In Yerevan

Getting to know the country

In our first afternoon we cycled next to a river valley and wanted to find a place right after our border crossing, since it was getting late. We found a nice looking football field down by the river which would have been perfect.  As soon as we got down though, two fat guys with AKs came lumbering down the hill towards us. Heavily out of breath they made us understood (with some translation difficulties), that it is not allowed to camp so close to the border, even though we were inside a village. Shaking our head, we climbed on the saddle again, hoping we find something soon, as it was getting dark. The only feasible thing was a not in use cow stable. Sometimes you just gotta do what you gotta do. Nah, it was pretty clean actually, and at least we had some shelter from the wind. J And it seems like when something bad happens, something good comes out of it in the end. As we were preparing to leave the next morning, we saw another cyclist ride past us.

We met another traveller from Thailand

Carlos was from Spain and a really experienced long term traveller, cycling all over the world. After we caught him, the climbing went surprisingly good right from the beginning. As they say, good company helps pass the time faster. We even spent a rest day together in Dilijan, where they happened to have a festival just after the day we arrived. Maybe they were expecting us.. He stayed with us until Lake Sevan, 70km before Yerevan, which is one of highest lakes of this size in the world. It was beautiful, especially because we had to pass a long, dark, suffocating tunnel (I was really crying for air, suffering about all the pollution inside) and then the view of the huge lake surrounded by tall snowy mountains hit us in the face. It was a breath of fresh air, literally. 

In Dilijan
Our rest stop in Dilijan

Alone with the mountains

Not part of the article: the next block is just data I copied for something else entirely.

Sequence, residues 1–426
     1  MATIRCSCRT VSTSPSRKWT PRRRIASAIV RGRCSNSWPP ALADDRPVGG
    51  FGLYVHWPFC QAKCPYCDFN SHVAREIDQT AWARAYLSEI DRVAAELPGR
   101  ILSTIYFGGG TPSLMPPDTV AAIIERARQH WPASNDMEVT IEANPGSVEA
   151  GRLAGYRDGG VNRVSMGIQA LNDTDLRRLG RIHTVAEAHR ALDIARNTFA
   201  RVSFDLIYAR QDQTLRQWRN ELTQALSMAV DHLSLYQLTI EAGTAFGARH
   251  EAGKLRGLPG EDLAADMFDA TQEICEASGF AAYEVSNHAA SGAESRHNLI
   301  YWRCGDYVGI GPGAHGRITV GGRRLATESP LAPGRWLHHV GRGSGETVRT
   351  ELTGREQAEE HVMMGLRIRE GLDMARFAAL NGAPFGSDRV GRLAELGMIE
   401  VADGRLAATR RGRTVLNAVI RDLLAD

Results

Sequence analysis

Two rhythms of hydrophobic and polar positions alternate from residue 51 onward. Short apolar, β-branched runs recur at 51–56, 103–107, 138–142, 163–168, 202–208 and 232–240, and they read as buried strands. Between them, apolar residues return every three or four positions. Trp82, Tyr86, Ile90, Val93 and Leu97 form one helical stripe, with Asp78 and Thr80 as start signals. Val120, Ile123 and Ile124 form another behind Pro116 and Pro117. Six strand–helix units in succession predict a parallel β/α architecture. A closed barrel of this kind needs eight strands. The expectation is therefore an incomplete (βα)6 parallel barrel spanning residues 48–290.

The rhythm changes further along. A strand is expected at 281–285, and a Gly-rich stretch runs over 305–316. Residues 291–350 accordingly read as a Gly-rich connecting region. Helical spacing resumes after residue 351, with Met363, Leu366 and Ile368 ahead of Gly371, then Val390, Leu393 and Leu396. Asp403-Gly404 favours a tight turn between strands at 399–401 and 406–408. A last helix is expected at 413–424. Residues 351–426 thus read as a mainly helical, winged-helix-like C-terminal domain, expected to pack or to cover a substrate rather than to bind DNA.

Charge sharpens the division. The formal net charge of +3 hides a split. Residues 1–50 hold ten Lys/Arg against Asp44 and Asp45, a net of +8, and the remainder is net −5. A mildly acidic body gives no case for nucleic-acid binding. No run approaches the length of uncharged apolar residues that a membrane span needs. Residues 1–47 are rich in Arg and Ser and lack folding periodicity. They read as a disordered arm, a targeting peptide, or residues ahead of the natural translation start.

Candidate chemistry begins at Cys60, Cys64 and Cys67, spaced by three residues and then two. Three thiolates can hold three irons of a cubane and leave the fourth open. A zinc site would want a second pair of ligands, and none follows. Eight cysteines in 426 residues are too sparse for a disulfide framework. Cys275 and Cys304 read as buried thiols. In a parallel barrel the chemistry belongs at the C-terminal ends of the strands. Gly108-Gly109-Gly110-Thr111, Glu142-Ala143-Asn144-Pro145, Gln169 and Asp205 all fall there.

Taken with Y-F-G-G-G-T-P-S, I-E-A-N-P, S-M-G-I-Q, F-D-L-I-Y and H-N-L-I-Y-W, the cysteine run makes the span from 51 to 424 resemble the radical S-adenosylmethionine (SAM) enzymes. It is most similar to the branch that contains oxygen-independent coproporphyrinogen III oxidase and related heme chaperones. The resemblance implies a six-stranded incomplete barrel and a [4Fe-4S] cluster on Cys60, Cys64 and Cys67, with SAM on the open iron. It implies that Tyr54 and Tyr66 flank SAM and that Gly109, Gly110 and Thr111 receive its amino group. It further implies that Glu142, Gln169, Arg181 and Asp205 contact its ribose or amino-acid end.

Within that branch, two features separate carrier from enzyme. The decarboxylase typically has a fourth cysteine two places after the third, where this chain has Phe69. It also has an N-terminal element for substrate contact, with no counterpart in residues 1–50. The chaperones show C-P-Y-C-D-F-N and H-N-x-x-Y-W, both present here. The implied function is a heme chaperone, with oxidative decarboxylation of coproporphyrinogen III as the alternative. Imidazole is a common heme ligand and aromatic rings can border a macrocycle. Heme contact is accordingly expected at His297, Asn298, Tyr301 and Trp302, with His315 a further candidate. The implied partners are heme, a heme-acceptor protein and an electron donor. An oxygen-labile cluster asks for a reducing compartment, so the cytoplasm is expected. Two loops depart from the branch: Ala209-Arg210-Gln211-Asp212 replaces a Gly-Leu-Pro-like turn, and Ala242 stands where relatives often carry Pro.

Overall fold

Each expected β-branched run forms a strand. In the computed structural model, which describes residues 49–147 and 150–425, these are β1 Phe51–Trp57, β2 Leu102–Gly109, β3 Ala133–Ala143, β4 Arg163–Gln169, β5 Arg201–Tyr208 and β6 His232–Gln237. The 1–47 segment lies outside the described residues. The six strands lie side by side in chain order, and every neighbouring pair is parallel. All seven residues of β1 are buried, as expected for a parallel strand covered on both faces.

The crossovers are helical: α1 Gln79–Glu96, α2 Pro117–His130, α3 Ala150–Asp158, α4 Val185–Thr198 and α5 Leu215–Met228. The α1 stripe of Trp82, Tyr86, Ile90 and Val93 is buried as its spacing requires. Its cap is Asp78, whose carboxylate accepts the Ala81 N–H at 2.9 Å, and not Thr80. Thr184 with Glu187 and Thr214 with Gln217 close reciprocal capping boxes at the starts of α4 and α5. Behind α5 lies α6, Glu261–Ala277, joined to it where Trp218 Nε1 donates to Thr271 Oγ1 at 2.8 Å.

Khor Virab monastery, Mount Ararat in the distance
We had another friend, she followed us for 40km, tough girl!

I remember the excitement and amazement I had when we reached the mountain pass before it, because we saw the first table sign for the silk road. Finally, it was happening, we were actually on the ancient route of old civilizations, all the way to China. A long journey was ahead of us, and the Armenian mountains were a perfect practice ground for it. Remote, high elevation, lots of climbing, and normally, changing weather, which we had the best of luck thankfully. We were also planning for it, because we saw a week long window of nice sunny weather which fit our time of leave from Yerevan. It meant climbing an average of a 1000m every day, and we loved it, because this meant we could enjoy a breathtaking landscape in its best form, while being all alone in nature. Just the ragged peaks around us, shining with an orange reflection on their white caps in the distance. I remember long stretches of the road when I was just turning my head constantly with an open mouth (instead of looking at the road, which you should do here, it being full of holes). This is one of the biggest motivations for our travel.

The gravel road up to Tatev
Down to the gorge
My face shows how I love the gravel roads
I agree totally, if you litter, you are a pig
Monestary at Tatev

Once we tackled our highest mountain pass ever (to that date, 2535m), it was time to say goodbye and finally enter into a long awaited country. We already got warm-hearted right after we crossed through the border, as this was the first time the guards were greeted us with such a nice attitude. Welcome to Iran. Man, it was a rollercoster there. You can find out about it in the next post 😉

Our last camping in Armenia